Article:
If you’re a small business owner, you are used to wearing many different hats – some more comfortable than others. One almost universally uncomfortable hat? The tax preparing one. I’ll spare you a cliche joke about sure things in life, death, and taxes…but the sentiment is true. All business owners have to handle taxes – whether or not they have the time, knowledge base, or inclination to do so. As the simultaneously least exciting and potentially most high-stakes task on a to-do list, business owners are prone to making a few common errors with their taxes, even if they’ve already outsourced this particular task to an expert.
With a bit of preparation, you can avoid the worst tax mistakes. Or, at the very least, mitigate the fallout of making them.
Deadlines matter. Full stop.
Hopefully, you already filed your 1099s, considering the deadline was January 31st. But, if you didn’t, there is a solution. File your taxes anyway.
Bluntly speaking, you are going to face some consequences from missing a deadline. It’s not ideal and will create some added work and added expenses. But, the alternatives are so much worse. The IRS is pretty good at keeping track of who is, and isn’t, paying their taxes. It might take a while, but they will eventually get around to noticing that you haven’t exactly kept your taxes up to date. And, at that point, they won’t be pleased. The legal consequences and additional expenses will be real and unavoidable.
So if you’ve already missed a deadline, this is an excellent time to speak with an experienced tax professional. An expert will know what your next steps should be, how much it will cost you, and what it will take to get everything back on track. Dealing with a minor inconvenience today keeps an annoying setback from turning into a devastating situation.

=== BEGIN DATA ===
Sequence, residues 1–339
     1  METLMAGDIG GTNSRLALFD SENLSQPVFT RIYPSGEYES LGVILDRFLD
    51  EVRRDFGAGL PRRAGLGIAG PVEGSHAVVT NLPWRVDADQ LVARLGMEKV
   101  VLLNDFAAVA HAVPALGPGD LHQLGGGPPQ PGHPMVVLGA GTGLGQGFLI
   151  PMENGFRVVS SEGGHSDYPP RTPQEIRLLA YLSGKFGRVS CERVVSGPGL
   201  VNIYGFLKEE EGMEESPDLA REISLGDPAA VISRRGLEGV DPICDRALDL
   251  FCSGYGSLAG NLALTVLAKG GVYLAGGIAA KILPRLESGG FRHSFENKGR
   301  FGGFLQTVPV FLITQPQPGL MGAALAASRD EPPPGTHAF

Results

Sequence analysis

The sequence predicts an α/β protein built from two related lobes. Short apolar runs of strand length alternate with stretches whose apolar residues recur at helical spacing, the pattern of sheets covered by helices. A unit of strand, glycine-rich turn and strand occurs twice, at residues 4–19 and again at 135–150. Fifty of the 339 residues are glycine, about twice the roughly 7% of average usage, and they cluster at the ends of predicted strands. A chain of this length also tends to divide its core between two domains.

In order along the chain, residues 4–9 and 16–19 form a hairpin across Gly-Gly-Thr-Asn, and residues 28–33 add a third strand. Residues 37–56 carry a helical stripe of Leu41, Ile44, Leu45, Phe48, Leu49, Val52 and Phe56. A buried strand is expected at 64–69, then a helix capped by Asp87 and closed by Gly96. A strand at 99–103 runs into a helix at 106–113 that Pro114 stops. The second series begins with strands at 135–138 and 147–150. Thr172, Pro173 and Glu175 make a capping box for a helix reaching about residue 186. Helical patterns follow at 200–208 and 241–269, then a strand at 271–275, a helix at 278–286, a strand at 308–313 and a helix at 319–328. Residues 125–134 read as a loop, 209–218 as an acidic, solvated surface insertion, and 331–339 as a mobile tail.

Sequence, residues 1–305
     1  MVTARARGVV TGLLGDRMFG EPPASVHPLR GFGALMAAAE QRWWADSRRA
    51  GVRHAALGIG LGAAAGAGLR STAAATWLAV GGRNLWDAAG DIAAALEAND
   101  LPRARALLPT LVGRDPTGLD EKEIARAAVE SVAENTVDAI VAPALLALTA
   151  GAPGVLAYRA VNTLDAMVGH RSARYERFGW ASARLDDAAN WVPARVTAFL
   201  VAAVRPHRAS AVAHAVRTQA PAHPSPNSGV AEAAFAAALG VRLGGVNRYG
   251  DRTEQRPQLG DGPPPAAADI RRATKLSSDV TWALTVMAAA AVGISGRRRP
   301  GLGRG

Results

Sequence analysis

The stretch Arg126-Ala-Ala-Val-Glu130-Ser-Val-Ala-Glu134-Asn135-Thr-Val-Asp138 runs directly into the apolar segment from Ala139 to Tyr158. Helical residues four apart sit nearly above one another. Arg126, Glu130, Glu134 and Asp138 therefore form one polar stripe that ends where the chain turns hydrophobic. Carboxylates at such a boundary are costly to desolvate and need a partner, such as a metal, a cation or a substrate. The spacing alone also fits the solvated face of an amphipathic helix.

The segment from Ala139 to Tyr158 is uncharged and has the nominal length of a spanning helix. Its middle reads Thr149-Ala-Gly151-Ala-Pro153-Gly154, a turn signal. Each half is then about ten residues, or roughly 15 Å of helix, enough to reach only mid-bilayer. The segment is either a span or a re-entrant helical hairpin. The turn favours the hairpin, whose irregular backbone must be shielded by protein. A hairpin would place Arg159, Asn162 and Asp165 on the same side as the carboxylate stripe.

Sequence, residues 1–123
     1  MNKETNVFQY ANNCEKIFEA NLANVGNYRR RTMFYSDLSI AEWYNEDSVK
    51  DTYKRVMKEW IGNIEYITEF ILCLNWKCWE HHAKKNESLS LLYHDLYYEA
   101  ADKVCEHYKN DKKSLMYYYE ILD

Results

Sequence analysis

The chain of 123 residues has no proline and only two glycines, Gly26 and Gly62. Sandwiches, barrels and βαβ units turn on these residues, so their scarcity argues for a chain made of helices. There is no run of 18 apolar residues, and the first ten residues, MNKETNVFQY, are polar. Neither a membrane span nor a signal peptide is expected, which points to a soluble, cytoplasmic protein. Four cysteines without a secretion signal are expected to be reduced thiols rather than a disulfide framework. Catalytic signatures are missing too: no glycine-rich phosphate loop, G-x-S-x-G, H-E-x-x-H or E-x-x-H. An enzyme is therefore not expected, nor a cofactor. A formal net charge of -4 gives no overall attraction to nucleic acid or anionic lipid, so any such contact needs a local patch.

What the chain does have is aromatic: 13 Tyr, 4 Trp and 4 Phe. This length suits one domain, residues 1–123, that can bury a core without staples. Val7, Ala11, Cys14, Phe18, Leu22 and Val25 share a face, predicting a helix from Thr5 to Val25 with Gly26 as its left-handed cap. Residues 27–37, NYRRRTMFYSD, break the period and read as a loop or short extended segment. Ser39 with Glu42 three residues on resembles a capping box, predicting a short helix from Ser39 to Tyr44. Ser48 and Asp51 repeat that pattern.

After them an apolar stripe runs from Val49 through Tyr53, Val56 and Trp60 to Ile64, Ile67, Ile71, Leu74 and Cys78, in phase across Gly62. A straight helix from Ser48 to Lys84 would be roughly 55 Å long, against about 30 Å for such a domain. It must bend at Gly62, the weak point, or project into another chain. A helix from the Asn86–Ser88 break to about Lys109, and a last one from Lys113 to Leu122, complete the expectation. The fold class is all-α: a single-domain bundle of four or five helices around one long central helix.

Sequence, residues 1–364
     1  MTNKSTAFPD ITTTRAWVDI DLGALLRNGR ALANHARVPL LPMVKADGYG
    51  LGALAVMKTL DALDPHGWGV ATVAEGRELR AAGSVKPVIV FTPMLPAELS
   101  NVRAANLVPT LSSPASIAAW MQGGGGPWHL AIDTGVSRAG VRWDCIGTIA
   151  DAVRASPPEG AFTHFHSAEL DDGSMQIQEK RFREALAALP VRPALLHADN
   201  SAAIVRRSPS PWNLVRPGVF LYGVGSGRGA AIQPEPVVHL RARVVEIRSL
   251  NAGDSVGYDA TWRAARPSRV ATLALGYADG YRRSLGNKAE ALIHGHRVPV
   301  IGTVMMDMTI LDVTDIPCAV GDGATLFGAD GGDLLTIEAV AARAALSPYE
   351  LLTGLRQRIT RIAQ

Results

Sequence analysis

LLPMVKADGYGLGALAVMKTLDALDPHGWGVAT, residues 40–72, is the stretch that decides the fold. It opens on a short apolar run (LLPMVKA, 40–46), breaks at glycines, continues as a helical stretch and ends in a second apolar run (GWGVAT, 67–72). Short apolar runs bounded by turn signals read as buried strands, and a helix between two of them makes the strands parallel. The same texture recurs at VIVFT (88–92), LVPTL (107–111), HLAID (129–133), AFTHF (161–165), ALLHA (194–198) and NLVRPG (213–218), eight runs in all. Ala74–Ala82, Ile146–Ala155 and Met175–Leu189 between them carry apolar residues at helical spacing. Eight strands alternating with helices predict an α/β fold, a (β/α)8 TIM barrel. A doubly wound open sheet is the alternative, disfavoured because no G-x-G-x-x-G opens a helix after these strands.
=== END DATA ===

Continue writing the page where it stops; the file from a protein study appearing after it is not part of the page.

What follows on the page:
Dates to keep in mind:
March 15: S Corp taxes are due. Be prepared to file Form 1120S and pay whatever taxes you owe.
April 15: LLC taxes are due. Be prepared to pay your income tax, in full, by April 15th.
Be aware of tax code changes (even if you’ve already outsourced)
If you read the first part of this blog, and smugly congratulated yourself for outsourcing your taxes years ago, don’t get too excited. These mistakes probably won’t have the same legal consequences as filing late or not at all, but they can cost you time and money. The tax code isn’t known for its simplicity, and small changes can have a big impact on your business. A good tax professional will give you a heads up about any changes that stand to impact your business, but it’s still a good idea to educate yourself as well. And, if you’re taking a DIY approach to taxes, it’s more than a good idea – it’s essential.
“But Mallory,” you say, “taxes are complicated! I don’t have time to memorize the tax code. I have a business to run.” I’m not going to debate that very valid argument. You’re right. The tax code is complicated. It is time-consuming to learn the ins and outs of every change. Which is why I’m not recommending you even attempt to reach that level of expert knowledge. Being aware of changes isn’t the same thing as understanding the changes.
Being aware is simply knowing that the tax code recently changed, and understanding the basic implications of the changes. With even that relatively low base level of knowledge, you can start to prepare for the changes. If you’re working with a tax professional already, you can reach with any questions you have. And if you aren’t, knowing that changes are coming might give you a heads-up that this year is more complicated than others. What you do with that information is up to you. Maybe you reach out to an expert for help, or you carve some time out of your schedule to learn about the changes in more detail. Either way, basic preparation keeps you from being blindsided.
Taxes may never be fun, but they don’t have to be scary. If you’re a small business owner, and you’re worried about filing your taxes correctly, and on time, it might be time to let a professional take tax preparation off your plate. Office Accomplice can deliver the bookkeeping help you need to navigate tax season as smoothly as possible. Just get in touch, and we can discuss how Office Accomplice can support your business.